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Chile – Educational reform?

With 62.16 % of the votes, Michelle Bachelet has been elected as Chile’s president once again after her first presidential term lasting from 2006 to 2010. Her second term might bring an important reform of Chile’s higher education system. Michelle Bachelet’s reform plans try to tackle the two most important challenges of Chilean higher education – access and quality.

Chile’s higher education system was radically reformed in the 1980s during the dictatorship of Pinochet. Shaped according to purely neoliberal ideas, higher education would no longer be seen as a public good, but as a purely private consumer good. Nowadays, Chilean higher education is comparably expensive with relation to per capita income and is strongly dominated by private for-profit higher education institutions. Public spending on education amounts to 4.1 %, which is a comparably low for developed nations, and even most parts of this share are reserved to primary and secondary education rather than higher education. The relative proportion of private expenditure on tertiary educational institution accounts for 77.9 % according to OECD statistics.

Michelle Bachelet’s reform plans foresee a number of important changes:

  • Private for-profit higher education institutions are likely to be abolished, although it is not clear what exactly would happen to them;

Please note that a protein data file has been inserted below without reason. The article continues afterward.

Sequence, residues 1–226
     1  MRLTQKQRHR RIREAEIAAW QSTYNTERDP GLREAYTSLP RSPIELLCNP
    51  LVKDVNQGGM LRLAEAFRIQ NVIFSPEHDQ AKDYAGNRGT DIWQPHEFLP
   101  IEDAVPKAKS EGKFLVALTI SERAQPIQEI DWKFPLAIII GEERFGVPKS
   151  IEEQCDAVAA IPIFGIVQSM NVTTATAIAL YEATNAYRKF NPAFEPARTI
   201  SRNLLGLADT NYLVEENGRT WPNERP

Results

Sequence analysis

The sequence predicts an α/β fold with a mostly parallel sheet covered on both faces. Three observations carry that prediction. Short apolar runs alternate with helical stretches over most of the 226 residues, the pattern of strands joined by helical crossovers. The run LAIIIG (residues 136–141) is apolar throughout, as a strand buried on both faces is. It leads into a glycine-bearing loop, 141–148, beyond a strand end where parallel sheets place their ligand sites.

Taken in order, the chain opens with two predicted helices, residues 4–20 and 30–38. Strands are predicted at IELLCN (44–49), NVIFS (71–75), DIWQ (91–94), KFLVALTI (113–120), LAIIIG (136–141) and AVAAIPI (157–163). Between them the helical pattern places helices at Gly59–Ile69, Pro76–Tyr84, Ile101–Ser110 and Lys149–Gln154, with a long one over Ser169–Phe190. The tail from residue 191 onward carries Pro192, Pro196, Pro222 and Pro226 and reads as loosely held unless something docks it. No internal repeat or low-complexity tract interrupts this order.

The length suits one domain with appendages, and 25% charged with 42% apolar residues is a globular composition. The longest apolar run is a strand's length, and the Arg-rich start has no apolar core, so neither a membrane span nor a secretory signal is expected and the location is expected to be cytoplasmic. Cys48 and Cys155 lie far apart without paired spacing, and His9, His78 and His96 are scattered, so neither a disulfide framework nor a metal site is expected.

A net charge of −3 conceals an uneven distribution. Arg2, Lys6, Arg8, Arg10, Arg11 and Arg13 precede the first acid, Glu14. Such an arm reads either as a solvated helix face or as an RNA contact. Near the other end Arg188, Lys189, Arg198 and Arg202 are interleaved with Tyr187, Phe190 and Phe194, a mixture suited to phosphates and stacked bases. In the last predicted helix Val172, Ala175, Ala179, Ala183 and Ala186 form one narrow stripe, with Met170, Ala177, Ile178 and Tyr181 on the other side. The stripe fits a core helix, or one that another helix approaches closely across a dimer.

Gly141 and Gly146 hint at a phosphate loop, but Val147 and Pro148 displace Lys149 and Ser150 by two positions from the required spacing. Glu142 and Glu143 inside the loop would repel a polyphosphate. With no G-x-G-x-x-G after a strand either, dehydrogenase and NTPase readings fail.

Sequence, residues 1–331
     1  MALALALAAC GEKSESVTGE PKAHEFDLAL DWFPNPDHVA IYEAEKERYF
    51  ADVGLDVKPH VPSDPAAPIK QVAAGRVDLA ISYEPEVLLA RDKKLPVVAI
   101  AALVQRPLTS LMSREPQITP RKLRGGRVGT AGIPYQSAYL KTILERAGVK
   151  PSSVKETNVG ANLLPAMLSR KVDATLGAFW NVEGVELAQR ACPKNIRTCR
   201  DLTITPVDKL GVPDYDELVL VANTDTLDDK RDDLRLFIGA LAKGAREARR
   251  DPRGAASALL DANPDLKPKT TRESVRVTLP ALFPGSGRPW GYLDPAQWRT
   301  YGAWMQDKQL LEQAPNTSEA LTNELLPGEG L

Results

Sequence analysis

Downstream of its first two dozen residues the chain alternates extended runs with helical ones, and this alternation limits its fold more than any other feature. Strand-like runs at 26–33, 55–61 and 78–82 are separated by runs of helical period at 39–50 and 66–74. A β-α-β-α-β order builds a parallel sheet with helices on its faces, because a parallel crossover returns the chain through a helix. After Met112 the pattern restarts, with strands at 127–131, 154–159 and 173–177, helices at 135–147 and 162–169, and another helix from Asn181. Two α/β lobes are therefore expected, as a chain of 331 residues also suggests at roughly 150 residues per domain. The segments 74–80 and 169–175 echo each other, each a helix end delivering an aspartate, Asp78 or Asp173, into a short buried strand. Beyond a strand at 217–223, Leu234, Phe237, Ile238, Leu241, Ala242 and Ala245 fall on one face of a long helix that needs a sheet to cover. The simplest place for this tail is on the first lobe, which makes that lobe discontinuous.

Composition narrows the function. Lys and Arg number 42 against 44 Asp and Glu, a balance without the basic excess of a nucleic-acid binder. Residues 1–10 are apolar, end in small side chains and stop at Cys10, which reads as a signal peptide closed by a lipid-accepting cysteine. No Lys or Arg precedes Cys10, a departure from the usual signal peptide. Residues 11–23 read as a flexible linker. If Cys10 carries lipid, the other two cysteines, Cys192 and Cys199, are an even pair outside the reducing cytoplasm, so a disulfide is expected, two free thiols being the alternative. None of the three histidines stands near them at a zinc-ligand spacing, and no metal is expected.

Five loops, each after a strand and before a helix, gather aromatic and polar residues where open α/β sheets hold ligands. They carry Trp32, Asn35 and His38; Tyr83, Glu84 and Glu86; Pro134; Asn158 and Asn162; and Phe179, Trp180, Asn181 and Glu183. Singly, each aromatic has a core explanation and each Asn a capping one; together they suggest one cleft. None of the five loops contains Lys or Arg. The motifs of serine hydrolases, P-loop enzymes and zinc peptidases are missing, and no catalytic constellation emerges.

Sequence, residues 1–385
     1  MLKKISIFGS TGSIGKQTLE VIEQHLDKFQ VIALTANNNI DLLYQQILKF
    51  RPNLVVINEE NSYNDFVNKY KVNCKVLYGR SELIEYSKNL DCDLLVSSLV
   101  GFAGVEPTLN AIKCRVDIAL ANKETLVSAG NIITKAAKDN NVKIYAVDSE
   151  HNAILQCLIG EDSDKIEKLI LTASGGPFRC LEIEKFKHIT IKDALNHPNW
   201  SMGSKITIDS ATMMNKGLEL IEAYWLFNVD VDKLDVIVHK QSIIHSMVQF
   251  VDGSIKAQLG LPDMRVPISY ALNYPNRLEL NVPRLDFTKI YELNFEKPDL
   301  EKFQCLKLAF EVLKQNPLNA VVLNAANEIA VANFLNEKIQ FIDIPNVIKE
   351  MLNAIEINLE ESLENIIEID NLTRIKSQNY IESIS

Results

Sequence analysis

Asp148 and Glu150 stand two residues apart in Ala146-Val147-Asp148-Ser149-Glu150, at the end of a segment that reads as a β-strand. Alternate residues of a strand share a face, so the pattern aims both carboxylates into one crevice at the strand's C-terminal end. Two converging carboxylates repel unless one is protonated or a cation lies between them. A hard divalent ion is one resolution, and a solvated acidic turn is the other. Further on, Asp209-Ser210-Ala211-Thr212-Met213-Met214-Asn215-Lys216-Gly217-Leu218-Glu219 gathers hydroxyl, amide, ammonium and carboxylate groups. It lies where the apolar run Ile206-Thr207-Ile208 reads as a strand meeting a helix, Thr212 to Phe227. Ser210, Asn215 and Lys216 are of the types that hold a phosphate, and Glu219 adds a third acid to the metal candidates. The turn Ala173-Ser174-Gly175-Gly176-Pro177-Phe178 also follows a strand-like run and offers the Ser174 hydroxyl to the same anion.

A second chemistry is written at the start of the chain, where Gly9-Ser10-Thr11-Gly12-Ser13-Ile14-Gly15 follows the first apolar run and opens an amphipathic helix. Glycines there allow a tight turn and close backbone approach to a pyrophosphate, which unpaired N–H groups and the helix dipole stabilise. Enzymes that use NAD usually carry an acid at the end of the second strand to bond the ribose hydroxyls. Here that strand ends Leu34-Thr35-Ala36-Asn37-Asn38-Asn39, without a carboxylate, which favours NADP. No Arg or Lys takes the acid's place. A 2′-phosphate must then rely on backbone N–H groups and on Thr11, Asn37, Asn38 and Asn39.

• Free tuition would be offered to large parts of the population below a certain socio-economic threshold;
  • Tuition fees would be determined and adjusted by a newly established authority;
  • Special provisions would be taken for indebted students;
  • A new Secretariat for Higher Education would be established, dealing with funding from public sources for the higher education reform;
  • The reform is likely to be financed through an increase in income tax and a special tax on enterprises;
  • Two new public universities in the regions of Aysén and O’Higgins would be created;
  • Technical Education Centres would be established in every region, linked to regional universities;
  • A new accreditation system would be set in place in order to ensure the quality of higher education system.
Bachelet’s reform plan is particularly ambitious. Although the planned reform clearly tackles the most important problems of Chilean higher education – which were also the main reason for the 2011-2013 Chilean student protests – it remains to be seen whether it can be implemented as easily as presented in Bachelet’s electoral programme. A clear estimation of costs has unfortunately not been provided.

Michelle Bachelet - Electoral programme

World Bank - Public spending on education

OECD - Education at a glance 2013